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Local Burmese skeptical about Myanmar leader

Nan Tin

– Eight months ago, Fort Wayne’s Burmese community was preparing for a high-profile visit by a leader of their home country.

Democracy activist, parliament member and former political prisoner Aung San Suu Kyi would be greeted later as a hero by thousands of people gathered to see and hear her at Memorial Coliseum.

Local anticipation seems muted ahead of Washington, D.C., appearances Monday by the top leader of what once was Burma and is now Myanmar. Not only will President Thein Sein be hundreds of miles away from Fort Wayne, but he’s hardly the inspirational figure for Burmese refugees that Suu Kyi is.

Minn Myint Nan Tin, executive director of Fort Wayne’s Burmese Advocacy Center, said local residents she had talked with were tepid to Thein Sein’s pending arrival in the U.S.

“The majority of people living here are from refugee camps and have not trusted the (Myanmar) government for decades,” she said.

With about 3,900 residents counted in the 2010 census, and possibly many more, Allen County’s Burmese population is among the largest in the United States.

Thein Sein – who will meet Monday at the White House with President Obama, speak at Johns Hopkins University and appear at a dinner for U.S.-Southeast Asia business advocates – has won international praise for implementing democratic reforms in Myanmar in recent years after a half-century of oppressive military rule.

“They’re trying,” Nan Tin said about the administration of Thein Sein, a former military commander. “It’s getting better, and we appreciate that.”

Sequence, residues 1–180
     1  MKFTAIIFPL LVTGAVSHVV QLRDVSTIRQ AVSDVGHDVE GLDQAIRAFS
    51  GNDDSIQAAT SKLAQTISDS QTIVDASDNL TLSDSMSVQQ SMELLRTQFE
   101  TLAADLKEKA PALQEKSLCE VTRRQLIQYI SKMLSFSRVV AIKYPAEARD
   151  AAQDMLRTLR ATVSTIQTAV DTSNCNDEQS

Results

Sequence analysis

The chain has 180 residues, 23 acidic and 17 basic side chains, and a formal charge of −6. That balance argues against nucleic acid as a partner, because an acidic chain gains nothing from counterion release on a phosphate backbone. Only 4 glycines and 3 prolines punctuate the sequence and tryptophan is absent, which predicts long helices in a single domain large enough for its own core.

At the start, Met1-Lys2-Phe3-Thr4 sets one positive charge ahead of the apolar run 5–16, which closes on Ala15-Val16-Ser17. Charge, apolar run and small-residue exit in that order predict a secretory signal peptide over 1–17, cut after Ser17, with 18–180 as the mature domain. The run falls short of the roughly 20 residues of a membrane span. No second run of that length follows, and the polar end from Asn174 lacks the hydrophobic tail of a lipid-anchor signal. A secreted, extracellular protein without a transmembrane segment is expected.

Thein Sein will be the first Burmese head of state to visit the White House since dictator Ne Win met with President Lyndon Johnson in 1966. Thein Sein spoke to the United Nations General Assembly in New York in September, two days after Suu Kyi was in Fort Wayne.

Nyein Chan, resettlement services director for Catholic Charities of the Fort Wayne-South Bend Diocese, said Thein Sein is developing “a better relationship with America. I feel good about that. … The Burmese people hope he is doing the right things, driving the country positively.”

The Obama administration has lifted or relaxed many economic sanctions against Myanmar, and Obama became the first president to travel to the country when he met with Thein Sein in Rangoon in November.

Tun Oo, a local machinist who visited his homeland in December and January, said in an email: “This is the correct time for bilateral relationship. Some Burmese leaders living in U.S. are looking forward to ways to join hands with the Myanmar government.”

More wary of Thein Sein’s government is Fort Wayne resident Thiha Ba Kyi, a health insurance employee who visited his 97-year-old mother in Myanmar in March and April.

“There are many problems; it is chaos,” he said about both the democratic transition and Thein Sein’s inability to resolve ethnic violence in Myanmar.

“We welcome the transition. He allows us to visit our country. We appreciate it,” Thiha Ba Kyi said. “But what is going on on the ground is chaos.”

The White House said this week that Obama plans to discuss with Thein Sein “the many remaining challenges to efforts to develop democracy” in Myanmar and “address communal and ethnic tensions.”

Nan Tin said Burmese refugees want to see “the rule of law” established in their native land along with economic and education improvements.

“Let’s see what can happen with the 2015 elections,” she said. “We want to see how fair the elections will be.”

Myanmar will elect parliament members in 2015. The parliament chooses the president, and Thein Sein, 68, reportedly will not seek another term.